Water has this amazing ability to bond to itself. Put a drop of water on very dry earth and it will often simply make a bead and sit there. Unless the earth is really porous and absorbent, it may take several minutes for the water to soak in.
Once the surface of the dirt is wet, the following drops of water absorb immediately. I notice this when I’m watering plants.
Pour the water too quickly and it makes a stream, a miniature river, which gouges out a hole and then a tiny ravine. The water runs away, not doing the job you intended. Once the ravine is cut, there will be trouble every time you try to water the plant.
For four months I’ve been teaching a little first-grade boy to read. I’ve observed that his sharp mind is a bit like dry earth.
Sometimes I feed him information and it seems to simply sit there. If I’m patient and observant, I will see it eventually “soak in.” If I am not paying careful attention and pour on more information before the first is absorbed, it runs away and begins to cut a ravine, an undesirable habit that is difficult to overcome. Instead of looking at letters and sentence structure, he starts to guess at words and rely too heavily on the pictures.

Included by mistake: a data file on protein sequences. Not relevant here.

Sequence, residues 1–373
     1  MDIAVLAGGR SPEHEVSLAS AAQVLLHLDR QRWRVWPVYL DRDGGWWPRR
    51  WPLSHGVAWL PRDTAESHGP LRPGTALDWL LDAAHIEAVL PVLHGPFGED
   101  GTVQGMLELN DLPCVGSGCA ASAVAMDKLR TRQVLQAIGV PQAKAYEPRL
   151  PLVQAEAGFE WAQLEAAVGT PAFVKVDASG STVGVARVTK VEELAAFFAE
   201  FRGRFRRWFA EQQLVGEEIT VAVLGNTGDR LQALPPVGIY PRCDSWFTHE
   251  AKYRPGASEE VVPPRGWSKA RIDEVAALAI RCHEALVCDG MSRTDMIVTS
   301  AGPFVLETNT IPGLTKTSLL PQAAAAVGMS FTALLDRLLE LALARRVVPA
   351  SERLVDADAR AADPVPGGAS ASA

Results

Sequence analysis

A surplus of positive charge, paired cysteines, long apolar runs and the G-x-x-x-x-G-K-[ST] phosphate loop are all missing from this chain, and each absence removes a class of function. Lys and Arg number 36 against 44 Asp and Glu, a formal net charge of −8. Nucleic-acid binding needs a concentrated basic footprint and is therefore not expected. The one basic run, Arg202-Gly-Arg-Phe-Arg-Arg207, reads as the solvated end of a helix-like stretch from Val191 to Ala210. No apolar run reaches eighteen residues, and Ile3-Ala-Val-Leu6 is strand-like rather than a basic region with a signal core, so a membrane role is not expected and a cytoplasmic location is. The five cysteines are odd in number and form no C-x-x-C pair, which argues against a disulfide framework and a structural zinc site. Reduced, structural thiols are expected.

I am not this child’s mother; I’m not even his school teacher. As a volunteer, I interact with him about one hour a week. So I can blame any developed learning ravines on other people in his life. Still, I want to have a positive influence and do all I can to help him learn how to learn.
One drop of information follows another and another, either soaking into his brain to expand his universe or running away together, “like water off a duck’s back.”
That idea is frustrating and a little alarming. It’s not that I mind wasting time teaching a child who isn’t learning. It’s that I don’t want to be guilty of creating ravines for information to escape, hindering his ability to learn in the future.
My own first grade teacher had a tremendous impact on my ability to learn. She put in me a desire to do well in school and a confidence that I was capable. She was strict and scary but generous with accolades and encouragement.
On the other hand, I’ve heard from others about how their teachers laughed or scolded and created in them a stream of disillusionment about learning. They became convinced that they could not learn and lost the desire to try.
Heads up to all teachers, parents, tutors and volunteers working with kids! Water those thirsty minds with care; don’t be a ravine maker!